7. Everett Scott, 1922-25. The native of Bluffton, Indiana wasn't a Yankee for very long, but he was a member of the '22 Pennant winners and the '23 World Champs. He was yet another member of the 1910s Red Sox sort-of dynasty that became a part of the 1920s Yankee dynasty. He didn't hit much, but was dependable in the field.

And he set a major league record of 1,307 consecutive games played. Oddly enough, that streak ended on May 5, 1925, when "the Deacon" was pinch-hit for by Paul "Pee-Wee" Wanninger. Just 27 days later, on June 1, Wanninger was taken out for a pinch-hitter named Lou Gehrig. You know the rest of that story, and you should also know Scott's, because he held the record before Gehrig, and long before Cal Ripken was even born.

6. Russell "Bucky" Dent, 1977-82. He came from South Florida, and with the Chicago White Sox, he nearly won Rookie of the Year in 1974, and made the All-Star Team the next season. The Yanks picked him up just before the '77 season started, and he made 2 more All-Star Games and won 3 Pennants and 2 World Series.

He was not a great hitter, but he got some great hits. For 2 weeks in October 1978, he was touched by God: That home run at Fenway on the 2nd (only his 5th homer of the season), through the ALCS, to the World Series that ended on the 17th with him being named Series MVP with a .417 average and 7 RBIs. And he and Willie Randolph turned some of the best double plays you'll ever see.

He has returned to Florida, and runs a baseball school, whose field is designed to look like Fenway Park. He calls it Little Fenway. He has coached for several big-league teams, and even briefly managed the Yankees. Whenever he returns for Old-Timers' Day, he gets a huge hand. It's not all about October 2, 1978, but it's still one of Yankee Fans' favorite moments, even for those who are not old enough to remember it. For those of us who are, like myself, Bucky Blessed Dent is a treasure. Red Sox fans wish he was a buried treasure.

5. Mark Koenig, 1925-30. Even before Tony Lazzeri (see Top 10 Yankee Second Basemen), he was a San Franciscan who moved east to play for the Yankees. He batted .285 in a Yankee uniform, including .319 in 1928. He won Pennants in 1926, '27 and '28, and the World Series in the latter 2 years.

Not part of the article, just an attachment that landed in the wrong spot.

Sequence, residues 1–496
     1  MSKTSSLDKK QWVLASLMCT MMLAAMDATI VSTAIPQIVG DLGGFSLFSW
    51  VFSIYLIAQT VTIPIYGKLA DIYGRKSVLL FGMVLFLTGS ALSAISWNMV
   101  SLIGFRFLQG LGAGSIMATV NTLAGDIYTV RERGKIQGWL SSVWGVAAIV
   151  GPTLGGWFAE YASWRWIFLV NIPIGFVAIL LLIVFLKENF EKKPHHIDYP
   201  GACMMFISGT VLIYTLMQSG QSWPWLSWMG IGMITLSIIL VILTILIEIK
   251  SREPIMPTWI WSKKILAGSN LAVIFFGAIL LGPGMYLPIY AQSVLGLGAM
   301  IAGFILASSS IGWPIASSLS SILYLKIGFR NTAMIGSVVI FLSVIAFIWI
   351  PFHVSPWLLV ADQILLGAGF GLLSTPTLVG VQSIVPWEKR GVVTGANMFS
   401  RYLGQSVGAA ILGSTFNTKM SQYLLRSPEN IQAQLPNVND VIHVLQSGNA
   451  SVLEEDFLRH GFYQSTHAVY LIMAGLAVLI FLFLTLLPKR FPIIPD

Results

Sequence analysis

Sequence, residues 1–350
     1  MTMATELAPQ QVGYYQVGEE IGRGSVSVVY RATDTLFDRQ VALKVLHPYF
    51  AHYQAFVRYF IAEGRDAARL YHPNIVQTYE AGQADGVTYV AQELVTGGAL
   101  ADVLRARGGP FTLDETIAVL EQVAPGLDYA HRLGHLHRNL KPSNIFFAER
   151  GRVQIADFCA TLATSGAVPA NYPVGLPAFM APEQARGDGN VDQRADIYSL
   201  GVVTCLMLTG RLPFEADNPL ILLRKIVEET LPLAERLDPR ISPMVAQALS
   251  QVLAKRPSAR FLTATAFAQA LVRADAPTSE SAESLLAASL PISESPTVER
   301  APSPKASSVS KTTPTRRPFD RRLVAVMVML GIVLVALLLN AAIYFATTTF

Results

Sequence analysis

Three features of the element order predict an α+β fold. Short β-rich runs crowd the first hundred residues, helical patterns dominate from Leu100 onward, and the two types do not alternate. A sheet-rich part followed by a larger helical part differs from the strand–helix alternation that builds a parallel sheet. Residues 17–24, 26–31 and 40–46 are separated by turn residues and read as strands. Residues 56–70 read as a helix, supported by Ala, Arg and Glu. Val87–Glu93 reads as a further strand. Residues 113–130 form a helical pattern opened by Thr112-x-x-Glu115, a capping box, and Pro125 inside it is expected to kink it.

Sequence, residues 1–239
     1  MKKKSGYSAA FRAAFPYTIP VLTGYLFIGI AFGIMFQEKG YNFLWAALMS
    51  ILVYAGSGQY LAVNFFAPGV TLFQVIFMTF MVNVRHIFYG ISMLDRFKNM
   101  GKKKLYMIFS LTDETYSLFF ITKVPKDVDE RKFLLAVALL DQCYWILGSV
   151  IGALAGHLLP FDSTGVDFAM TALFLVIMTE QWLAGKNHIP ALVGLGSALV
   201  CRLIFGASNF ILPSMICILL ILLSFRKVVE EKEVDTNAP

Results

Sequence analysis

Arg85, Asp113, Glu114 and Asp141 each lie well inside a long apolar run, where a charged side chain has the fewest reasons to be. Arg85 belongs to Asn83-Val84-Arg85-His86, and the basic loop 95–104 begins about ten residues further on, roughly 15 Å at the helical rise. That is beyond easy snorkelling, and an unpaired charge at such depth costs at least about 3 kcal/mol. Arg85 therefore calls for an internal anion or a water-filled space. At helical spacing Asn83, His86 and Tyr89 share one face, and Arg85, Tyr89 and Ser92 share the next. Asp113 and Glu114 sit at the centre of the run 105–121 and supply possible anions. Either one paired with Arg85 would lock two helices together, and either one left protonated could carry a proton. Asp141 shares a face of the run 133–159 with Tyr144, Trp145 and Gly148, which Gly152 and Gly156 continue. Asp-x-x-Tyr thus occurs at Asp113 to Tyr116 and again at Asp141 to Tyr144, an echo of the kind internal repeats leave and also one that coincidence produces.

He turned out to be the last survivor of the 1927 Yankee team that became known as "Murderer's Row" and "the Greatest Team Ever," and the last survivor of the 1928 World Champions as well, living until 1993. In an interview with Sports Illustrated near the end, he joked, "I've got Heinz disease: 57 varieties." But he was always happy to share his memories of that time, and Major League Baseball Productions got his recollections down on video.

4. Frank Crosetti, 1932-48. A 2-time All-Star, "the Crow" was another part of the Yankees' Golden Gate connection. He didn't hit many homers, although he had a memorable round-tripper off Dizzy Dean that provided the runs that won Game 2 of the 1938 World Series. (Dean, best known for the St. Louis Cardinals, had hurt his arm and was mounting a comeback with the Chicago Cubs.) He hit 260 doubles, an extraordinary number for a shortstop in the 1930s. He helped the Yankees win 8 Pennants (1932, '36, '37, '38, '39, '41, '42 and '43) and 7 World Series (all but '42).

However, he went into a noticeable decline in '39, just 28 years old. In 1940, it made a difference, as, for the first time in 5 years, the Yankees did not win the Pennant. This led to Phil Rizzuto, The Sporting News' 1940 Minor League Player of the Year, being called up. Crosetti hung on, and when Rizzuto was drafted, became a starter again. While his hitting was still weak, his fielding was a key component of the war-stripped 1943 World Champions.